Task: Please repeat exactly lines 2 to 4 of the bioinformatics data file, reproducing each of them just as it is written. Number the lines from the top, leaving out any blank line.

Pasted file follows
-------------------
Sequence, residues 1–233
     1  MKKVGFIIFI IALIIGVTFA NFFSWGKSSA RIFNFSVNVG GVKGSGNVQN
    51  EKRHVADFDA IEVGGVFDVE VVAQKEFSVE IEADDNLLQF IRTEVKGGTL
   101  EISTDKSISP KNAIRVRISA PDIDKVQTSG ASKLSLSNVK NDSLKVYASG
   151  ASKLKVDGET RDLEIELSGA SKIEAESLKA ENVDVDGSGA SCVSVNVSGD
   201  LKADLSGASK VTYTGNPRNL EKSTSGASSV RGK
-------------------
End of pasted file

     1  MKKVGFIIFI IALIIGVTFA NFFSWGKSSA RIFNFSVNVG GVKGSGNVQN
    51  EKRHVADFDA IEVGGVFDVE VVAQKEFSVE IEADDNLLQF IRTEVKGGTL
   101  EISTDKSISP KNAIRVRISA PDIDKVQTSG ASKLSLSNVK NDSLKVYASG